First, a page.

This academic year all students are guaranteed a free ticket to each of the six main stage productions brought to life by the Department of Theatre, Speech and Dance. However, due to the major renovation of Phi Beta Kappa Memorial Hall, all the productions will be relocated to the historic Kimball Theatre in downtown Williamsburg. This change in venue poses an exciting challenge for the department as it prepares for the fast approaching 2018-19 season.

“Working with the Kimball Theatre requires us to design and produce things in an offsite location,” Director of Production and theatre professor Matthew Allar said. “So, our scene shop for this semester will still be in PBK Memorial Hall, but we need to think about things in a way that we can put them in a truck and take them down the street and then load them into a different space. Which is an industry standard for most professional theaters, so it’s a really great chance for us to think in those terms, but also teach in those terms. It gives us a chance to really model that kind of production environment for our students in a way that we haven’t been able to do so in the past.”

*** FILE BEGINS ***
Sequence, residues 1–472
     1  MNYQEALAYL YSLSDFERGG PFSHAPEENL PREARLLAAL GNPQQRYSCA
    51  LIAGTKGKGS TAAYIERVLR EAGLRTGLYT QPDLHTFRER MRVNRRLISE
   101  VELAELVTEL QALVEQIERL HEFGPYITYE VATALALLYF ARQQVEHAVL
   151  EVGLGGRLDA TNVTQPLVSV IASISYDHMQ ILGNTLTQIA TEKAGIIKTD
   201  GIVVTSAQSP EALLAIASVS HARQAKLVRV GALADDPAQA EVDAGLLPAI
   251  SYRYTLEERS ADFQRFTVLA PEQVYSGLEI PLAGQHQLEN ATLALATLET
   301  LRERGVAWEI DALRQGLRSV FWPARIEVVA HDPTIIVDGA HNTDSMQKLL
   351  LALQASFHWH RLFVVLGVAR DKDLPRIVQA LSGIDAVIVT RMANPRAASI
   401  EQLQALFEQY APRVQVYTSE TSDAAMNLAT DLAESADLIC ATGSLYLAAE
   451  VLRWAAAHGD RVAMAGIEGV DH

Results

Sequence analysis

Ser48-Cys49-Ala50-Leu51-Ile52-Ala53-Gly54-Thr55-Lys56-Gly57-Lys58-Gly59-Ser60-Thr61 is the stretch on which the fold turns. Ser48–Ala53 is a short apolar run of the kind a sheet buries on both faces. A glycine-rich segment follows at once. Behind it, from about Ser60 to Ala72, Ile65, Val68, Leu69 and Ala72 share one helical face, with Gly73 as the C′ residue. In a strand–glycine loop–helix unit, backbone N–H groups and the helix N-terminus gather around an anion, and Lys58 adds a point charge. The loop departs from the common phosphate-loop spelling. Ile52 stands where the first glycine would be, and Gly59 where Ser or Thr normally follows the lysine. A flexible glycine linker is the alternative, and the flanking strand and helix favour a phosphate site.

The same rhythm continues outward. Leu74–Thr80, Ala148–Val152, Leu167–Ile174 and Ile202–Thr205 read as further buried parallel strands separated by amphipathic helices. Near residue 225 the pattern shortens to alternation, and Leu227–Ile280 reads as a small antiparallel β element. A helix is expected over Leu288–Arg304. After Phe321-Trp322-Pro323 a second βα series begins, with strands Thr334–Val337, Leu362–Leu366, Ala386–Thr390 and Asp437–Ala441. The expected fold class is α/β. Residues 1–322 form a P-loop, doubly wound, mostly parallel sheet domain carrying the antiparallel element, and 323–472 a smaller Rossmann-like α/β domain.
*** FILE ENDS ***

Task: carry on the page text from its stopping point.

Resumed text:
The first production to hit the Kimball stage in early October will be “The Children’s Hour.” From renowned playwright Lillian Hellman comes a story of two young women and their journey to successfully run a boarding school for girls whilst dealing with a problematic rumor that threatens to destroy all that the women have worked to build for themselves.

Allar said that preparation for the season and for “The Children’s Hour” began at the end of March 2018 and continued all summer, as the department and facilities readied to produce live theater.

“Directors and designers will get together and develop a conceptual approach to that piece, how that story is going to be told and through what sort of lens we want the audience to understand the piece,” Allar said.

The next piece to grace Kimball Theatre will be “Dancevent,” featuring the Orchesis Modern Dance Company. The performance will run Oct. 25-28 and exhibit all original works created by the dance faculty and performed by faculty, guest artists and Orchesis company members.